Animals, people and the environment

Animals have a footprint on our planet and interact with it in a number of ways. Domestic and wild animals have different impacts and all of these are now influenced by humans in some way. There is little pristine wilderness left on the planet.

Scale of livestock production

One of the key areas of Vetwork’s activities and interests lies within supporting relatively small scale sustainable livestock production systems e.g. traditional pastoralism and mixed livestock cropping systems of resource poor farmers. Vetwork is interested to ensure that small farmers and pastoralists are allowed to develop and access markets in an equitable way, and that traditional rights and mechanisms are respected and allowed to evolve in ways that support people to either improve their livestock dependant livelihoods or to transition to alternative livelihoods.  Achievement of this objective is complicated by  research suggesting that livestock production systems are planet unfriendly in terms of greenhouse gas production. Much of the analysis around the environmental damage caused by livestock is centered on developed countries.

Vetwork recognises that for many indigenous communities, livestock is more than production - it is culture, identity and livelihood, as the Endogenous Livestock Development Network states.  Acknowledging and balancing the importance of these issues is a large part of what Vetwork stands for. This is just one example of the complexity of balancing the contradictory issues which abound in addressing environmental concerns.

We are at a point in time where we are increasingly recognising the environmental impact of livestock but have not yet developed a clear strategy of how to counteract it, even if the funds and political will to do so were available. We recognise that in dryland areas such as the Horn of Africa and the Sahel there is renewed interest in building the resilience of communities so that they can withstand increasingly frequent droughts and at the same time improve their livelihoods. A large part of resilience building is the sustainable and productive management of rangelands. Mechanisms for how to do this vary by area and community and needs significant debate and research. For example, this interesting presentation by Allan Savory looks at one controversial practice to manage the important challenges of desertification and carbon sequestration. Whether his suggestions are the correct way to address these issues is contentious, but it highlights the fact that we do not yet have a magic bullet solution for this vital issue.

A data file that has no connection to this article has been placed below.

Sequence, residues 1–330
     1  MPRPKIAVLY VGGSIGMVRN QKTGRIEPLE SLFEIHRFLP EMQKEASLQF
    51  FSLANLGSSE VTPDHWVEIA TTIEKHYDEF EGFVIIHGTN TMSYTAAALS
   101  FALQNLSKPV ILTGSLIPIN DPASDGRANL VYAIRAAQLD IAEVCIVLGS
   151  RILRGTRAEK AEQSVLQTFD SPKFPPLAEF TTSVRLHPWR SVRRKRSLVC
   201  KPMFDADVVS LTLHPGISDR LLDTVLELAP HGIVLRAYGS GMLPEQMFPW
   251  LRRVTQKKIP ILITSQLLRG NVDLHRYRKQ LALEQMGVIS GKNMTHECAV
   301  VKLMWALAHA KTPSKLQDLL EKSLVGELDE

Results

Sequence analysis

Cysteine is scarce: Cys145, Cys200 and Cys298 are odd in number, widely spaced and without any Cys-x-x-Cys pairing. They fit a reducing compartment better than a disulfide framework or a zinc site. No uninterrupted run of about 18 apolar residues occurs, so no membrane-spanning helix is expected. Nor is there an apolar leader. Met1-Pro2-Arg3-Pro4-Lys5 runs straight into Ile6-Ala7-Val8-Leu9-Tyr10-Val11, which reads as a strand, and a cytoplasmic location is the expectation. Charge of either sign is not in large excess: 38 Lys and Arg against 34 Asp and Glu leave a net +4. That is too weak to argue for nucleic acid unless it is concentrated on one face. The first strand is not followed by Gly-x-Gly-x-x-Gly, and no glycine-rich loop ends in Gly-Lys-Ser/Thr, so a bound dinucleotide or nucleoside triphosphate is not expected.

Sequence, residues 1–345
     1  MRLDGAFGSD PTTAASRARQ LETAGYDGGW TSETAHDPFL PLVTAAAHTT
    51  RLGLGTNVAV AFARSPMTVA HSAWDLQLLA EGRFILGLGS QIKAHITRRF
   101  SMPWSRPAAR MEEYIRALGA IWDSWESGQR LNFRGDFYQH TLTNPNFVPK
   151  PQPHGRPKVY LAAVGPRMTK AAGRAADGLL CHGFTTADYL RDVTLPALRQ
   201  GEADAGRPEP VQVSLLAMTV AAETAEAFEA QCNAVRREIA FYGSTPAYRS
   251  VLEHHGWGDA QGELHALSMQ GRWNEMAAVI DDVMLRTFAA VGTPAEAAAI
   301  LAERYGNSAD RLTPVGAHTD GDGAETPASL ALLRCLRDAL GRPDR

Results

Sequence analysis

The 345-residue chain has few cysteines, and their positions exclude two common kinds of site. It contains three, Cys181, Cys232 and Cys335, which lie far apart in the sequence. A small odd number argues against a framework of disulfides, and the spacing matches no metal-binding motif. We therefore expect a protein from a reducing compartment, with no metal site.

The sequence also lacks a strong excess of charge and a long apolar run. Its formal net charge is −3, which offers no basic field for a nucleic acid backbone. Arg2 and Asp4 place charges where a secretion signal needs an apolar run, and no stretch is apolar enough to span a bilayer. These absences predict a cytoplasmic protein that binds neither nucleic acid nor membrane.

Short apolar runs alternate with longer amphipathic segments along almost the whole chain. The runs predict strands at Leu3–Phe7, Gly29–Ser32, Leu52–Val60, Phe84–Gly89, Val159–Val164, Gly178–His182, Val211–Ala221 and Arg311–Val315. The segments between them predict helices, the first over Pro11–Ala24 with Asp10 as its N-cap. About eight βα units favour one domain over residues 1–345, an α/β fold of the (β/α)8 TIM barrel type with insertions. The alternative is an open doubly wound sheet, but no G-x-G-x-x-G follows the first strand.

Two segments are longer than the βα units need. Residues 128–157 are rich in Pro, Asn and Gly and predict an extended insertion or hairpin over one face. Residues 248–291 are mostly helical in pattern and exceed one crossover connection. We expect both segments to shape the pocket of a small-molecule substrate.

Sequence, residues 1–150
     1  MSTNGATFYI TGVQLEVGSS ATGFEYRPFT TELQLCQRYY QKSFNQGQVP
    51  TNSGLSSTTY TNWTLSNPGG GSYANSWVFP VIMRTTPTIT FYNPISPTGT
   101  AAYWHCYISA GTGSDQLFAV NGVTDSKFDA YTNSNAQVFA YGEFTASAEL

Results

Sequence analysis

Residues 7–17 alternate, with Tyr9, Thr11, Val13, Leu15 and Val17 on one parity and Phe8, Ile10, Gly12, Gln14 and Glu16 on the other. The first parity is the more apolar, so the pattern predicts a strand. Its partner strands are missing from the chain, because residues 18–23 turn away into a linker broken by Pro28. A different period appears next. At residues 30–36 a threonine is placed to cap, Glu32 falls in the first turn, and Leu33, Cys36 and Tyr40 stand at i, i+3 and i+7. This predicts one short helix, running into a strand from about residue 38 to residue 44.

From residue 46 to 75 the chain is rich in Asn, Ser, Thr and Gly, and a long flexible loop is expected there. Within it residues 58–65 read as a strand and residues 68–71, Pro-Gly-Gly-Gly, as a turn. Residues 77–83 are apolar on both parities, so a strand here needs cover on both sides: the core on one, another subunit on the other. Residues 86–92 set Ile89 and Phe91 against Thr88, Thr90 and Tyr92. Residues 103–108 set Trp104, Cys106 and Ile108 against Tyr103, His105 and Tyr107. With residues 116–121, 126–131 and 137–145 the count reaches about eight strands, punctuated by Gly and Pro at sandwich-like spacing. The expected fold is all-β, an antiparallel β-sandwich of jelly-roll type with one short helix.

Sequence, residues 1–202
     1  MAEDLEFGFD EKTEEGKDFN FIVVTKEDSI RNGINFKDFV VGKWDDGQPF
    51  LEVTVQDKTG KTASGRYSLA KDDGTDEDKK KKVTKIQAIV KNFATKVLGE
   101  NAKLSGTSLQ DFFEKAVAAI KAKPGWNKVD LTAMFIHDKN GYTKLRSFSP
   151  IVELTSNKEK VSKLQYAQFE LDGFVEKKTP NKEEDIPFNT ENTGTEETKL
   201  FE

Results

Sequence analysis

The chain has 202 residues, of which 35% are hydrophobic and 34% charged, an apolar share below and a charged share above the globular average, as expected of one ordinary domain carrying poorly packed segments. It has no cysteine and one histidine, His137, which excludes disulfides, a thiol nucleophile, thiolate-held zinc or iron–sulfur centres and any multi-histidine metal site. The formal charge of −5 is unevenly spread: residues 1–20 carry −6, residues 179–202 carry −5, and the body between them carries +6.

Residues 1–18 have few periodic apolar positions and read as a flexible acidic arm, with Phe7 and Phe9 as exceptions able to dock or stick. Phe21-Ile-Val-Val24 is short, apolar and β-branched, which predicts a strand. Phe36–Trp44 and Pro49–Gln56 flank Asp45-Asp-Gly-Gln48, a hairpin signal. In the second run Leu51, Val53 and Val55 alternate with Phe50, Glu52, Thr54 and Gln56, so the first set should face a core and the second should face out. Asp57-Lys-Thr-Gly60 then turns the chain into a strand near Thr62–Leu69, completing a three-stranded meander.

Forward thinking organisations with the research capacity and hard science available to find solutions are essential. One such key player in the field linking environment and development is IIED with a massive resource of publications and research

Pet ownership

Pet ownership is an area where vets clearly have an interest. The global impact of pet ownership and it’s associated consumption, as well as predation by pets on wildlife, mean that the impact of the planet’s 432 million dogs and 272 million cats [source: WSPA] needs to be considered. This is a resource hungry sector.

Conservation of species

The current sixth mass extinction event our planet is undergoing has relevance and urgency for all of us. Both animate and inanimate species (and obviously their unique gene pools) are disappearing at an alarming rate. Due to the co-dependence (symbiosis) of many species, extinctions lead to co-extinctions. One striking example can be taken from India where the Indo-Gangetic plain (an area parallel and to the south of the Himalayas) was once a forest area teeming with wildlife. This is now decimated for the establishment of agricultural fields, villages and towns. Plenty of legislation has been put in place by the government to restrict human activity in areas of remaining habitat but there appears to be a lack of resources to implement the legislation. The extinction of charismatic mega fauna such as lion, rhino, tiger and elephant in the region is now inevitable.

Sometimes wildlife is specifically compromised by veterinary related activity e.g. poorly regulated pharmaceuticals. The destruction of the vulture population in India and Pakistan due to poisoning from carcasses containing diclofenac is a well documented phenomenon.

Human impact on the environment

Our planet is a finite resource. Unfortunately current dominant political thinking is short term (the weakness of democracy is that it rewards and therefore pursues short term gain not long term sustainability). Human activity has already produced incremental change in the homeostatic mechanisms of the planet and its ecosystems with climate change and mass extinctions being some of the key evidence for this.

The welfare of the planet is an issue of fundamental concern to every living organism and communities need to use their collective intelligence to put in place sustainable and creative solutions to environmental problems. Reflecting on the environmental philosophy spectrum may help one position oneself:

1) Deep ecology is a movement founded by Arne Naess. The living environment as a whole should be respected and regarded as having certain legal rights to live and flourish.

2) Anthropocentric environmentalism is concerned with conservation of the environment only for exploitation by and for human purposes.

3) And of the status quo of a capitalist society that encourages expanding markets, faster consumption and bigger production.